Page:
On average you receive 5 items: 2 beautiful practical items, one luxurious self-care item, and 2 tasty treats. This may change from time to time though. We so often spend so much time looking after other people that we forget to look after ourselves, so this box is ideal to treat yourself. It also makes a beautiful gift to let someone know you are thinking of them.

Sunshine Boxes get posted out on the 3rd of each month. On the 5th, it arrived. The box was bigger than I was expecting. This is definitely not a box that fits through your letterbox. Luke, my son, was just as excited as I was to see what was inside. I opened the box and the packaging inside instantly made me feel happy. Each item was beautifully wrapped in bright sunshine yellow tissue paper, so it was like a birthday with presents to open! Each month a different positive-thinking poster is stuck on the inside of the box, and August’s was “look for happiness in the little things” on a background of sprinkles. Sprinkles always make me smile. They bring with them thoughts of cakes and ice cream. Ah, happy thoughts.

Luke and I decided to take it in turns opening a present from the box. His face was the perfect picture of happiness, especially with one of the items! This is what was in the box:

The part that made Luke happiest was the box of treats to make your perfect ice cream.

There was everything you could imagine for a scrumptious ice cream dessert, apart from the actual ice cream of course! That would have been a bit of a postal disaster! What was included though was gorgeous. There were 3 ice cream bowls and 3 napkins with sprinkles on, 3 spoons, 3 ice cream cones, strawberry syrup, maple syrup, chocolate chips, chopped nuts, 2 packets of sprinkles, 3 wafer rolls, and a packet of rainbow drops. Luke was really excited to make us a yummy ice cream treat, and he put a bit of everything on them!

I hadn’t had rainbow drops since I was a child, and I’d forgotten how much I used to love them. The activity of making the ice creams really made Luke happy, and this made me happy to see. He wants ice cream like this all the time now! The rainbow drops started a lovely conversation off about things from my childhood too. It all just made a wonderful evening.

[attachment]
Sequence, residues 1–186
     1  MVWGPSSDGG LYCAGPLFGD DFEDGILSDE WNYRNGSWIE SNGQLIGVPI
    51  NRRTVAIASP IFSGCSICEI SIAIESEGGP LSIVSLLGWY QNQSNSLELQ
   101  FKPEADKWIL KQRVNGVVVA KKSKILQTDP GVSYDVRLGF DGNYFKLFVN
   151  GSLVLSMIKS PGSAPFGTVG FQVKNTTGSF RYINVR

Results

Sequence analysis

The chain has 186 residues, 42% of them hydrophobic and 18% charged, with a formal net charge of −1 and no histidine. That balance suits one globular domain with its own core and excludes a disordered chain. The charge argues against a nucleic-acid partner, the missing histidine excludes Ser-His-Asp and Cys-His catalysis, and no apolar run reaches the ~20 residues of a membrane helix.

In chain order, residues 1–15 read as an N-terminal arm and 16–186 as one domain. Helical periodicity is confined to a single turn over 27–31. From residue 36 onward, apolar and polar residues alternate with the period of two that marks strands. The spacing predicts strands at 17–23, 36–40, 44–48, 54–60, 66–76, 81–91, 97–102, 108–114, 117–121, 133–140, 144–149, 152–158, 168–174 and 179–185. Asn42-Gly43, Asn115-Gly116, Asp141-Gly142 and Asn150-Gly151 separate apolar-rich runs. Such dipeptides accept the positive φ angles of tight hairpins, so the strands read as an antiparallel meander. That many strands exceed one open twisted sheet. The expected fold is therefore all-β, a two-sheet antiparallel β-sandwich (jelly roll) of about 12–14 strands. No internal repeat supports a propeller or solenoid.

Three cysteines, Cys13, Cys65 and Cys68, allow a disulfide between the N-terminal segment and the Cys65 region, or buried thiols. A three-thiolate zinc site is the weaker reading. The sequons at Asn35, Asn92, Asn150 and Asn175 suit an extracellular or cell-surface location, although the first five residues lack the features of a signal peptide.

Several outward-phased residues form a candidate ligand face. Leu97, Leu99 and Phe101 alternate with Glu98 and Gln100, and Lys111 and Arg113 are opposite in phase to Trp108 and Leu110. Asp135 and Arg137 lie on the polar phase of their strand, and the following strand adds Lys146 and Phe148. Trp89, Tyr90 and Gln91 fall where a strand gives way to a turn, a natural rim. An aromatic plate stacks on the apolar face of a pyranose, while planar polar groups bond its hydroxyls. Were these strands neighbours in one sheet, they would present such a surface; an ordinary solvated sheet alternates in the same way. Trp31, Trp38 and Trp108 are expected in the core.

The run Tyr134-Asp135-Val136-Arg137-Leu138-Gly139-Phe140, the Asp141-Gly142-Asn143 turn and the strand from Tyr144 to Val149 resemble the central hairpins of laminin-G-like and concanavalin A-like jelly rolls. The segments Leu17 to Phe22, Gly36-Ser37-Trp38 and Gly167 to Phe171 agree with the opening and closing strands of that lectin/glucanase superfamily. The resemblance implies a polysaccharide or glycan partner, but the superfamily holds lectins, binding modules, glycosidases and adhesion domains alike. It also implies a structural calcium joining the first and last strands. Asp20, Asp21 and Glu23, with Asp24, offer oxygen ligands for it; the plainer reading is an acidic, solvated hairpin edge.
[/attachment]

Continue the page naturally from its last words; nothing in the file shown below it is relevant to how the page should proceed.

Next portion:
Also included was a set of 3 beautiful rose shaped soaps. These are so pretty and delicate. It’s hard to believe they are soaps. Absolutely beautiful.

There was also a strawberry. But not just any strawberry! This one had a clever practical hidden secret. Open it out and it becomes a wonderful shopping bag! I shall keep this in my handbag at all times. So often I go out and buy something on a whim, but then have to buy a bag for it as I hadn’t expected to need one. Now I can just use my strawberry! It is small enough to hardly take up any space, so just perfect.

Next was a Konjac Beauty Sponge. I must admit I had never heard of these before. The packet says it is an ancient Japanese beauty secret. You just need to wet it so it expands and softens, and then massage your face with it. It is supposed to exfoliate, cleanse and moisturise your skin without the need for any soaps. It balances the PH of your skin and is said to be effective against acne-causing bacteria. Must admit, I love it and will be buying another when this one needs replacing in around 2 months.

Finally there was a wonderful little activity to do either on your own or with your family. There was a package which contained glue, magnets and glass pebbles. The idea is to look through magazines, brochures, photos, wrapping paper etc and find small pictures or a word that inspires you, and cut them out. Stick them on the back of the glass pebbles, then add the magnet. They look fantastic when they are made! Luke loved making these with me. We are keeping some and using some as token gifts and geocaching swaps.

I was hugely impressed with the Sunshine Box. Everything from the packaging to the contents just boosted my mood. It was lovely to have things I could enjoy with Luke too.

It would make a fantastic gift for a new parent who may be feeling tired and super busy all the time, or a baby shower gift so that mum-to-be can have something wonderful to help her through the exhausting preparation time for a new baby. Obviously it would be a wonderful gift for any other occasion too.

You can order a one-off box or start a monthly subscription. Either way costs just £15 a month with free postage in the UK. This one cannot be sent internationally, unlike Wise Reads.

If you would like to order one for yourself or as a gift, click HERE to go to their website, and bring some sunshine to your life, whatever the weather is doing outside.